Avowed man-about-town and dedicated socialite Mik Scarlet was surprised to find that he was thoroughly at home at the helm of a two-person yacht skimming across the water.
In my life I have had the good fortune to try some amazing things. I have flown a hang glider and abseiled down a 17-storey building, despite being really afraid of heights, been scuba diving and skiing but something that has always appealed to be is boating. Oh yes, a life on waves is something I have fancied trying for years, so when a chance came up on a recent trip to Norfolk I jumped at it.
During a work trip to the area I paid a visit to the Nancy Oldfield Trust, based in the heart of North Norfolk, and discovered that they had just taken delivery of a new accessible sailing yacht, one which I was offered a chance to sail. I was soon on a small motor boat being taken out to a pontoon where I was hoisted into the two-man yacht, and with instructor Stephen by my side, I was suddenly sailing on Barton Broad. Within minutes Stephen was informing me I seemed like a natural and saying he was amazed to find I had never sailed before.
It was such a rush, as the small boat shot across the water surrounded by beautiful landscape. The sense of freedom caught me by surprise and I was struck by the confidence that being in control of such a yacht gave me. The speed was something I was not ready for, and as the boat banked, allowing water to lap into it, I was a little worried. Stephen told me this was fine, a sign of just how fast we were going. Tacking one way and then the other, I found myself flooded with adrenaline and excitement.
Far too soon my experience was over but I was hooked and am going back very soon. The trust provides sailing, motor boat trips and canoeing for people of all abilities, and has a 10-bed fully accessible self-catering bungalow if you want to stay near the action. But what’s available in other parts of the country?
Where to go sailing
To be honest if you are disabled and fancy giving sailing a go you are spoilt for choice. One place to start is RYA Sailability. They run training courses and clubs all over the UK, and offer the chance to go both sailing and motor boating. They also run competitions and if you are really blessed with boating skills they are the force behind our Paralympic sailing team.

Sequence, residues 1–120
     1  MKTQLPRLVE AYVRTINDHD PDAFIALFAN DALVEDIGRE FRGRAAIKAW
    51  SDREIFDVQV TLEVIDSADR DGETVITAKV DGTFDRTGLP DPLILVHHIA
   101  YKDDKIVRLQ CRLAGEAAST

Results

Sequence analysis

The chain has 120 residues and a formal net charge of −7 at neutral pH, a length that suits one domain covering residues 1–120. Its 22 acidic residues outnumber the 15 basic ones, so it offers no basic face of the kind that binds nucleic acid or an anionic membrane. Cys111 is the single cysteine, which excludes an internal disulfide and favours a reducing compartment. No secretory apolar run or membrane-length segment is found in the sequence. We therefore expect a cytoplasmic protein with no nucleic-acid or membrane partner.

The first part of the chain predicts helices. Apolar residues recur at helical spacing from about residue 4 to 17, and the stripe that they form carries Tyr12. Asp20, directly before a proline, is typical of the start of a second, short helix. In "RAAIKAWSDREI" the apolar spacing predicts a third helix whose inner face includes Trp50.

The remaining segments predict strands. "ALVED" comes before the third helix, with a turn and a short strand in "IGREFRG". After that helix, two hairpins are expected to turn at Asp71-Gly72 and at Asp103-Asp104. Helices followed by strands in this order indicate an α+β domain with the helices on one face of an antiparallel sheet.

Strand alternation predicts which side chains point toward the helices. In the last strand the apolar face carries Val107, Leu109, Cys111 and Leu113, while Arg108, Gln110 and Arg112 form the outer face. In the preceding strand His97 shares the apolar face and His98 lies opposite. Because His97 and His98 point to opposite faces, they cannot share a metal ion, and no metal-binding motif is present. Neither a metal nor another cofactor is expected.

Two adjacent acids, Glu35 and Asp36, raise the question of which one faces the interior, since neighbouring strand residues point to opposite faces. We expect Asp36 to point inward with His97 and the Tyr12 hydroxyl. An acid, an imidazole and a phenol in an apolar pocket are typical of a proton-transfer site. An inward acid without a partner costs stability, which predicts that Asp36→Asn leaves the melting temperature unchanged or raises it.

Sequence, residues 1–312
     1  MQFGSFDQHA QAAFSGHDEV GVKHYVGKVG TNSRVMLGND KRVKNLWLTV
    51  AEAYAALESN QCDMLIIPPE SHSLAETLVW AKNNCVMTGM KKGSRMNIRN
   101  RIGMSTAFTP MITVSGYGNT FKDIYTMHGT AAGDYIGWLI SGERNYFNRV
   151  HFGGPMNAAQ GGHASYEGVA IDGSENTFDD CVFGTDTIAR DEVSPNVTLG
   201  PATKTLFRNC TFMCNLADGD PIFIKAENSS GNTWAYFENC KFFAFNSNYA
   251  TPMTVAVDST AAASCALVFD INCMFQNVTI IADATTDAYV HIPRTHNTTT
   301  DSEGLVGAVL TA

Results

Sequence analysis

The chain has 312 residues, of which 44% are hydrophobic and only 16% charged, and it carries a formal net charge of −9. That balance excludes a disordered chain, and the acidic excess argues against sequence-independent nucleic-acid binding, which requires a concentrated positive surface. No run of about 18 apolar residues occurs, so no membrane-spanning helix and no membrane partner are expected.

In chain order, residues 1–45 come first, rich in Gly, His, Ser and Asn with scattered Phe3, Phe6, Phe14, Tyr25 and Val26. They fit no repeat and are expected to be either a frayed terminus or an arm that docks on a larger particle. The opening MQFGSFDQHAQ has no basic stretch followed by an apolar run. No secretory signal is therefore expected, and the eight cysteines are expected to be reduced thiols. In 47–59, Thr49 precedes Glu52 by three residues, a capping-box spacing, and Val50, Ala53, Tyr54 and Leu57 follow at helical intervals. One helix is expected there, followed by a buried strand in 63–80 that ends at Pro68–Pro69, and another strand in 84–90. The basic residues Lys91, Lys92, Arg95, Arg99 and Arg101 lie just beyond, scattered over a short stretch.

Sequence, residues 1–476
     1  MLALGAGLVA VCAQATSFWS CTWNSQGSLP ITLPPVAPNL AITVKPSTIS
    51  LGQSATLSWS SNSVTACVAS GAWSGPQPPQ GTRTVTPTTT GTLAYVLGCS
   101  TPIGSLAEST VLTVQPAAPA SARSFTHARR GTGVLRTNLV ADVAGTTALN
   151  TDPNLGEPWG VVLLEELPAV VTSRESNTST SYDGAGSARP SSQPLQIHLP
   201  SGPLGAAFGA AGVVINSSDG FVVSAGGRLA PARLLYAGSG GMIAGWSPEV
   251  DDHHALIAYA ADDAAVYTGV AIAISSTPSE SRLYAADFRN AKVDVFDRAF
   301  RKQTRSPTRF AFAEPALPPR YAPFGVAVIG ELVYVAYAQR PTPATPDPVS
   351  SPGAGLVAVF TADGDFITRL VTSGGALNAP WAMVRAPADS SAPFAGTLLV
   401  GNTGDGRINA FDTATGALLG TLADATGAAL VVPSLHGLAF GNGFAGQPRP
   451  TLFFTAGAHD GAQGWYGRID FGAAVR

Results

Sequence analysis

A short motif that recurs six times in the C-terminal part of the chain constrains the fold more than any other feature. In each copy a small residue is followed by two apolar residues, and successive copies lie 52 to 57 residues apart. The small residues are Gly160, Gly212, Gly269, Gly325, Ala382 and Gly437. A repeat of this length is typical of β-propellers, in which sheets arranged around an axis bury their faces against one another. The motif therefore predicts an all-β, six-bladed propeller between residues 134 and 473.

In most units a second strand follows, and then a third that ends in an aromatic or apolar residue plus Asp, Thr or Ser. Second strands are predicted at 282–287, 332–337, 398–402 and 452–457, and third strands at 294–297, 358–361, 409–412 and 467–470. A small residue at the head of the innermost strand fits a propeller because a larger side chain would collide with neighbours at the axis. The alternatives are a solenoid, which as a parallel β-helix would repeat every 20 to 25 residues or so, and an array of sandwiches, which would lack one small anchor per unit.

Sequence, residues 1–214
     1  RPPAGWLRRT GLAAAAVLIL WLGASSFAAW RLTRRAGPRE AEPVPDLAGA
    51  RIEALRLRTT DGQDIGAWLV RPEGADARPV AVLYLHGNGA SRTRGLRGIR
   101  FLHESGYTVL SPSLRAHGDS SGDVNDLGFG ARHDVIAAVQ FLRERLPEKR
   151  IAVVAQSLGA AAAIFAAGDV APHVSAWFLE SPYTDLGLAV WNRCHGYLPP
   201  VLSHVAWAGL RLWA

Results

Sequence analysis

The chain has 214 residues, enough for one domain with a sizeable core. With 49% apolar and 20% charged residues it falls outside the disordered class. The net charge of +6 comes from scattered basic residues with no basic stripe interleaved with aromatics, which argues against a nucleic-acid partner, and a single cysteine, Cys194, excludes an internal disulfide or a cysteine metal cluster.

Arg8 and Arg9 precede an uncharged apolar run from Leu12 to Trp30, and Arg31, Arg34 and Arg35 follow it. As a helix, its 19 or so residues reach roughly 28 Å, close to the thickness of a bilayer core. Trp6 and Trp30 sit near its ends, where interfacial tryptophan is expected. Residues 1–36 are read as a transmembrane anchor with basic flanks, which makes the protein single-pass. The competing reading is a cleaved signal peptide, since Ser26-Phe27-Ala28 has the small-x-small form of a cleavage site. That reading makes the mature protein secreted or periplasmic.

Down in the South East of the UK, we have the Disabled Sailing Association who allow disabled sailors the joys of sailing on the sea on crewed yachts.
Just along the coast to the west in Hampshire there is the Disabled Sailors Association who also offer larger yachts as well as smaller yachts and dinghies.
In Rickmansworth Sailing for People with Disabilities is a voluntary organisation that has specially adapted boats on offer, with the promise “You want to sail – let’s work out how you can do it safely!”
Another place to try is Sailing For All that has all manner of boats available for all abilities.
The Gwennili Trust gives you the chance to try everything from cruising to yachting, and runs training sessions.
On the Isle of Man there is Sailing For The Disabled and to be honest I could spend the rest of this article just writing a massive list of places all over the country that offers disabled people the chance to sail.
If you fancy hitting the high seas and sailing on a tall ship, the Jubilee Sailing Trust gives you the chance to join a working crew on giant rigged ships that sail to exotic destinations.
Sailing might not be for everyone but if you do find the idea appealing trust me, if you try it you’ll love it. I know I did. I might even see you out on the water.